It takes a lot of energy to get students to stick with something in their studies that doesn’t immediately grab them–but it’s worth the struggle. Then they become capable of a larger range, and they overthrow the tyranny of relevance.

In contrast with Paul (or seeming contrast), I see many instances where play could be educational (for instance, working with an electronics kit) and study could be fun (for instance, learning songs in Russian). The problem lies not in the overlap but in the homogeneity, the cutesiness, and the appeal to a lazy part of the mind and character.

Personalized learning with 48 students

In The Right Mix, Education Sector’s Susan Headden profiles a charter high school in Los Angeles that’s using blended learning to personalize instruction — despite having 48 students in a class. The Alliance Tennenbaum Family Technology High School “combines online and traditional instruction and allows students to learn in three different ways,” she writes.

On this particular fall day, 16 students are getting traditional in-person instruction in Algebra I from teacher Wendy Chaves; roughly the same number are doing math problems online; and still others are gathered in clusters of four tutoring each other. No matter where they are in the rotation, they see the student-to-teacher ratio as what it effectively is—an ideal 16-to-1.

Students work at their own pace, Headden writes. “With the software taking up chores like grading math quizzes and flagging bad grammar, teachers are freed to do what they do best—guide, engage, and inspire.”

Tennenbaum’s BLAST model breaks the day into two-hour blocks with students spending 40 minutes at each station.

Students report to stations based on what regular pre-tests have shown they can do. The low performers go right to direct instruction with the teacher, the high performers start with the collaborative session, and those in the middle start with online work.

Let’s say the English lesson is about effective use of literary devices. Students might start with a teacher-led lesson on metaphor, personification and the like, followed by an online tutorial on the MY Access! writing program. They write a short essay, which the computer immediately scores for mechanics and grammar. If the student has too many mistakes, he takes another tutorial and writes the essay again. He sets himself a deadline (say, all clean by the third draft), and when he has met it, submits the piece to the teacher for feedback on meatier qualities like content and orga­nization. Finally, in the collaborative session, students critique each other’s work, making suggestions for improvement based on what they have learned from the teacher and online.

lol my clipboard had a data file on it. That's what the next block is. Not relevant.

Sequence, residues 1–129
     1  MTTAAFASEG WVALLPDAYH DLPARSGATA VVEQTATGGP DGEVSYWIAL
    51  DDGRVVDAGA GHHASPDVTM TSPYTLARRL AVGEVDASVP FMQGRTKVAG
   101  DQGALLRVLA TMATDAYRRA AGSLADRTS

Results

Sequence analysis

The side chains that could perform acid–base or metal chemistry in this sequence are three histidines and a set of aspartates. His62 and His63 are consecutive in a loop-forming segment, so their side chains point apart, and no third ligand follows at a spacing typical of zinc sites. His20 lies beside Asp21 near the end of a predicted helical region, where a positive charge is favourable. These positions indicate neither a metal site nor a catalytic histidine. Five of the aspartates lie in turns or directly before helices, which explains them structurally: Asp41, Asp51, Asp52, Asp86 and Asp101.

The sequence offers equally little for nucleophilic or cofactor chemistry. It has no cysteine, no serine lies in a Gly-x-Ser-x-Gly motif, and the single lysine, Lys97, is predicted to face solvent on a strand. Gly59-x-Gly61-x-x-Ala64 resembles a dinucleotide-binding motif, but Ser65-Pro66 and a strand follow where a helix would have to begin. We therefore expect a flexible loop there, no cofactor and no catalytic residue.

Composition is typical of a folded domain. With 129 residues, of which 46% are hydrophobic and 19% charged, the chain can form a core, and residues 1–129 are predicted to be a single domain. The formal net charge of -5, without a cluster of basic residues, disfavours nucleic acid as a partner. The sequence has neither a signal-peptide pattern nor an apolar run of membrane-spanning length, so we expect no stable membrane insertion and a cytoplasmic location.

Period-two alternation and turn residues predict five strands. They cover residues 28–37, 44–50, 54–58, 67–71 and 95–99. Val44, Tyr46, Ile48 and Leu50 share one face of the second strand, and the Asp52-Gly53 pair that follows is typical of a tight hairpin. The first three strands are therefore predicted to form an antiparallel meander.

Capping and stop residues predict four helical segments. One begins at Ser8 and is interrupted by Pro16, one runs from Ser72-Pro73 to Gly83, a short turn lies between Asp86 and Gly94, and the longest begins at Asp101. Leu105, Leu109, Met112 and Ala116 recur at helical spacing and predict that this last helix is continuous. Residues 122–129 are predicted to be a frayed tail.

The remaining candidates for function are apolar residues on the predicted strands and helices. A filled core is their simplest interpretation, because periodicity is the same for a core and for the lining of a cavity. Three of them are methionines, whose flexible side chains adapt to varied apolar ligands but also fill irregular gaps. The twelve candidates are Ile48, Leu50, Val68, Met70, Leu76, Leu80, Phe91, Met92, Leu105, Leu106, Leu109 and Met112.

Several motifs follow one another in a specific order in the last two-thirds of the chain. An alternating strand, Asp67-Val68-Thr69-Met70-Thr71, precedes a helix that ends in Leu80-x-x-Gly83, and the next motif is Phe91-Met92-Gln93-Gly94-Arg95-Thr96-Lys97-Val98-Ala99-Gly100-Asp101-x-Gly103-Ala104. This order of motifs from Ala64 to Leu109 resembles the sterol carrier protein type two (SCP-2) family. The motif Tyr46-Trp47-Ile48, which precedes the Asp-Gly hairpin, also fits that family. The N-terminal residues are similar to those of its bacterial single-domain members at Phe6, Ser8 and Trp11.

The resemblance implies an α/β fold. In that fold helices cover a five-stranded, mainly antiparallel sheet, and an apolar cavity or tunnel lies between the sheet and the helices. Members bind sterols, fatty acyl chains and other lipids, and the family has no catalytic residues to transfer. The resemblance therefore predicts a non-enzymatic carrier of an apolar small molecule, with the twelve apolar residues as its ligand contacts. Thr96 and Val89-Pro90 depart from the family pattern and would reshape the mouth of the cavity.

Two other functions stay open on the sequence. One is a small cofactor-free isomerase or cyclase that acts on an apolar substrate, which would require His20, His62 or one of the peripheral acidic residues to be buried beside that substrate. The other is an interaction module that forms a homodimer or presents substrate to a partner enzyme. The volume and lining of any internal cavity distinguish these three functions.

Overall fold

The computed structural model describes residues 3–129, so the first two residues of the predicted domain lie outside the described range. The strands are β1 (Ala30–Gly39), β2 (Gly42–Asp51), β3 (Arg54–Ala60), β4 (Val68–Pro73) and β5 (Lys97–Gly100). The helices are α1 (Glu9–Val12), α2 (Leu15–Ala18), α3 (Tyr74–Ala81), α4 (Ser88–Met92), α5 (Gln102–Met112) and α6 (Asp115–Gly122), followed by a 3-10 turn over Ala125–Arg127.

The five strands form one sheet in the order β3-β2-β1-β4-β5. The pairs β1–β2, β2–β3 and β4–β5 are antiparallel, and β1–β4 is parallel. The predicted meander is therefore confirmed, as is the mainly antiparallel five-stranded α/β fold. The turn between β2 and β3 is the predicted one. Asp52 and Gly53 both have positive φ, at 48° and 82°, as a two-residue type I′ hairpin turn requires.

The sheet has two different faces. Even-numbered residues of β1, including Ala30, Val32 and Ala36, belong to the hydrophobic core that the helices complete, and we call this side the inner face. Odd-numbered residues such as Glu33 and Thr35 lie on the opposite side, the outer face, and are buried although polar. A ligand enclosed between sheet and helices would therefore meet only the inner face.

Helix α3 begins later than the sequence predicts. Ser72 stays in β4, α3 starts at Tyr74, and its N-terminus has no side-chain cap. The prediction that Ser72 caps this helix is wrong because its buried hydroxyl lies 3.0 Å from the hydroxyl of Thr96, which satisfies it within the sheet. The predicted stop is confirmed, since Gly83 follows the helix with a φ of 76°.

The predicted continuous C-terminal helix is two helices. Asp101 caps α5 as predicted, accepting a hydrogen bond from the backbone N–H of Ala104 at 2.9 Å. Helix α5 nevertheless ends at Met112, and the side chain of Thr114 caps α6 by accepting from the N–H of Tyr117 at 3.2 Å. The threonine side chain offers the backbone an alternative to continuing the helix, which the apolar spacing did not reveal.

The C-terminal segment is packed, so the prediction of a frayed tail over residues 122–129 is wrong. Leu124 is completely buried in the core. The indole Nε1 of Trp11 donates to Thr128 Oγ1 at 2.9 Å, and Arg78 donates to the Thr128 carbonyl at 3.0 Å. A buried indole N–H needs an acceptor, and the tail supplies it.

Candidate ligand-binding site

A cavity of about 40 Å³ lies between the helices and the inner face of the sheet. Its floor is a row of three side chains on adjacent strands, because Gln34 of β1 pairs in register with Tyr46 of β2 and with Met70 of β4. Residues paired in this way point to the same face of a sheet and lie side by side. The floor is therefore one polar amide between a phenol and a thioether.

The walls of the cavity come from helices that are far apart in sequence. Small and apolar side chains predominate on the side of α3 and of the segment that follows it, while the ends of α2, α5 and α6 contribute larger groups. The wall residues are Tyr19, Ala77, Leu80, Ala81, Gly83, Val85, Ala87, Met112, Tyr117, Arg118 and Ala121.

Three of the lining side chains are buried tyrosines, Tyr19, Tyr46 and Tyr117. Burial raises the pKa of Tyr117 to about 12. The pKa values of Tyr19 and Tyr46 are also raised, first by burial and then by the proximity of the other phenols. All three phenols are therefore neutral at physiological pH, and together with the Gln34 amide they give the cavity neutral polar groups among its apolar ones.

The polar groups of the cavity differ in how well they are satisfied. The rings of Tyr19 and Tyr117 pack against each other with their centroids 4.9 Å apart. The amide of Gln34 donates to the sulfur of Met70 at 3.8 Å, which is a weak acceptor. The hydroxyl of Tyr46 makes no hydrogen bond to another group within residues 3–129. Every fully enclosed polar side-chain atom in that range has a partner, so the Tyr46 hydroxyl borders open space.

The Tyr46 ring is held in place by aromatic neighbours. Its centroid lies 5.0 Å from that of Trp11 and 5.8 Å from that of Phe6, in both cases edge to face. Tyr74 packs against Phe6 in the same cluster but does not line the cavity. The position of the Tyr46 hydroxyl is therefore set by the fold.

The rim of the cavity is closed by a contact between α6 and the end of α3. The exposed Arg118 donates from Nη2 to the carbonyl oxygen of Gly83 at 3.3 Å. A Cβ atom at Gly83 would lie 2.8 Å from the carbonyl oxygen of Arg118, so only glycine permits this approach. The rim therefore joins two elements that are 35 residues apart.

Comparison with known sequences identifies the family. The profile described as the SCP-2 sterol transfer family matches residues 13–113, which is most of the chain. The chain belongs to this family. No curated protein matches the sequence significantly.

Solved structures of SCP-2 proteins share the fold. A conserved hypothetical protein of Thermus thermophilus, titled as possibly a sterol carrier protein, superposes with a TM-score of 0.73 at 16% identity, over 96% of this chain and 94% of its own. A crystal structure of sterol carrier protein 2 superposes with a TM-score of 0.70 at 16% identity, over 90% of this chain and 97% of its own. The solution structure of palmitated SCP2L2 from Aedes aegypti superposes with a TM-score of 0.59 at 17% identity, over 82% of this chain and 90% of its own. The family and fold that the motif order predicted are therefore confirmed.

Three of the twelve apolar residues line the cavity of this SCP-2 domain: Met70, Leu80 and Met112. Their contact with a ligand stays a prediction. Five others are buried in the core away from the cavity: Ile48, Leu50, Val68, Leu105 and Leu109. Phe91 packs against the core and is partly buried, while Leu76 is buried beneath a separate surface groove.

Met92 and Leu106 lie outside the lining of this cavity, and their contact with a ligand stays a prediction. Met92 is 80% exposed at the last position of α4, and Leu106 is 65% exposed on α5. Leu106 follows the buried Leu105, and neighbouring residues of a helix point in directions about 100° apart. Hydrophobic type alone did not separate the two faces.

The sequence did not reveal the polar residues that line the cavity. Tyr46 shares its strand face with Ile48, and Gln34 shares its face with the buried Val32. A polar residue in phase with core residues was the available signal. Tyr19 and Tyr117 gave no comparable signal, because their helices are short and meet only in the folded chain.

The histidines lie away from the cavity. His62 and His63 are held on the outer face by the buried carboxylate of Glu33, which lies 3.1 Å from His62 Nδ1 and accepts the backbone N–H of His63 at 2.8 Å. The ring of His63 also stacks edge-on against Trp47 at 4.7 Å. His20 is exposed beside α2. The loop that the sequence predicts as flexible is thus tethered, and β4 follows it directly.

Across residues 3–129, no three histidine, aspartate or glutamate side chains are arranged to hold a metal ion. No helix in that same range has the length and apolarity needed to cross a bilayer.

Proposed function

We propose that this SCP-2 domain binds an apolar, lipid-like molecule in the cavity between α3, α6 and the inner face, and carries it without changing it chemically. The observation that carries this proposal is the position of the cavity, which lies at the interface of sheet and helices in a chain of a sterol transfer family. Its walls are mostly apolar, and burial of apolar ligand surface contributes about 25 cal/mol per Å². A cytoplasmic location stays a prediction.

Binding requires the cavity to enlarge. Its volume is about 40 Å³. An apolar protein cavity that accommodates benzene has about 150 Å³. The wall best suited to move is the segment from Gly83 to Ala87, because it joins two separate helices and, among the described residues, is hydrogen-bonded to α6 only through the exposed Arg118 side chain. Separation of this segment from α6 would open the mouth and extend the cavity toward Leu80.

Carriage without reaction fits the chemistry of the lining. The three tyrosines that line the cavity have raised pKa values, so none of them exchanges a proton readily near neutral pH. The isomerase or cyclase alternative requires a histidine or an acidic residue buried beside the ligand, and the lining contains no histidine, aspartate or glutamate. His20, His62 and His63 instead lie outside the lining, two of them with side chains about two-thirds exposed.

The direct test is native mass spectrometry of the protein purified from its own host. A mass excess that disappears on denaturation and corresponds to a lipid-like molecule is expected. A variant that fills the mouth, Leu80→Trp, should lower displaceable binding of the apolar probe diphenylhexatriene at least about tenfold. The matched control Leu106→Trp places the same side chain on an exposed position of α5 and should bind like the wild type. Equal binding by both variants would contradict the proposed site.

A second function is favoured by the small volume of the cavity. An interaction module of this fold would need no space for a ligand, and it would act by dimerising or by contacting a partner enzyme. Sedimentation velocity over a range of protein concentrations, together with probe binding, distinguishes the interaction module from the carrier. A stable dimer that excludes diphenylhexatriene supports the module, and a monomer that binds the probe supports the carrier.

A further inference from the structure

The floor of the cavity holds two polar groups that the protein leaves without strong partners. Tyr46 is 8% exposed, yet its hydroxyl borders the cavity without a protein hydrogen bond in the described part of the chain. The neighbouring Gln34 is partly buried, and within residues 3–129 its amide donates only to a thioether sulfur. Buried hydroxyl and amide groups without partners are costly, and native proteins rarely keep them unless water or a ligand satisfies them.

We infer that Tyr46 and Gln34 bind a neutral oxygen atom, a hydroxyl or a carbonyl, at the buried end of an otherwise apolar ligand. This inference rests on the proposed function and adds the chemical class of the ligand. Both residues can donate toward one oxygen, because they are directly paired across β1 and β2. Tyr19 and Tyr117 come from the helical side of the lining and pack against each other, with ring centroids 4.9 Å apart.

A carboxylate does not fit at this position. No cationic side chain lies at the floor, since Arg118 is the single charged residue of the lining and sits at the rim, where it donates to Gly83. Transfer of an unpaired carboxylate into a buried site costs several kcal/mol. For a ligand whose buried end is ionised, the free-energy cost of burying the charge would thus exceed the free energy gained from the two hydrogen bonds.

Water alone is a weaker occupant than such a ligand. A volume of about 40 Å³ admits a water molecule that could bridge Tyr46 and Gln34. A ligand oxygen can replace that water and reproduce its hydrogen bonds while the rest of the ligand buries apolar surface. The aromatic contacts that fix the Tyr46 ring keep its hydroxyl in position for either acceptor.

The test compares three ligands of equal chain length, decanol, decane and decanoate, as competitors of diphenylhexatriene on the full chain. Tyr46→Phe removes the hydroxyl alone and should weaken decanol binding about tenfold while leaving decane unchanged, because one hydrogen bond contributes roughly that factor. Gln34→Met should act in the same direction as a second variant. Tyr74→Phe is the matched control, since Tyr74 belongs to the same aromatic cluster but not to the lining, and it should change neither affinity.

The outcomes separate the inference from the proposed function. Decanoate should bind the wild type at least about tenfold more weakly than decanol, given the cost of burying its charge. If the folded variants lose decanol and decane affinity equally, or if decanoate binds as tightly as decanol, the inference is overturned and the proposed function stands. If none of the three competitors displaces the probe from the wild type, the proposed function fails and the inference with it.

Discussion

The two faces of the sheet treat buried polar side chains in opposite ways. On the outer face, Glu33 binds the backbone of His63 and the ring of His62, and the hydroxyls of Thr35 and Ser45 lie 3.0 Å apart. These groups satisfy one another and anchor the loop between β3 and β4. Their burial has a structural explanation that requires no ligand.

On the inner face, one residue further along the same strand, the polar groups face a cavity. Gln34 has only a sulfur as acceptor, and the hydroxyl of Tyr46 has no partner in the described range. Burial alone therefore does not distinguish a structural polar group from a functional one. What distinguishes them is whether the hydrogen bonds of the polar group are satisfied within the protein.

Students don’t move ahead until they show mastery. Online programs let students review a lesson until they understand it. The software analyzes keystrokes to collect data on each student’s learning.

Tennenbaum has excellent teachers, but mediocre software, says Principal Michelle Tubbs.  “There is no A-plus software out there,” Tubbs says. “Most of it is C-plus or below.”

Technology lets the school hire fewer teachers, but the savings are wiped out by technology costs. However, once the school reaches full enrollment, the technology is expected to pay for itself.

“When computer-assisted learning fails, it is usually because technology has been deployed as an add-on,” writes Headden. “BLAST shows that for technology to make a difference in student learning, it must be integral to instruction, and it must come with humans attached.”

Public Impact’s new Opportunity Culture Charter School Network hopes to use technology to enable excellent teachers to reach more students. Four new schools plan different approaches to creating an “opportunity culture” for teachers: Foundations College Prep (Chicago), Ingenuity Prep (Washington, D.C.), Touchstone Education (Newark) and Venture Academy (Minneapolis).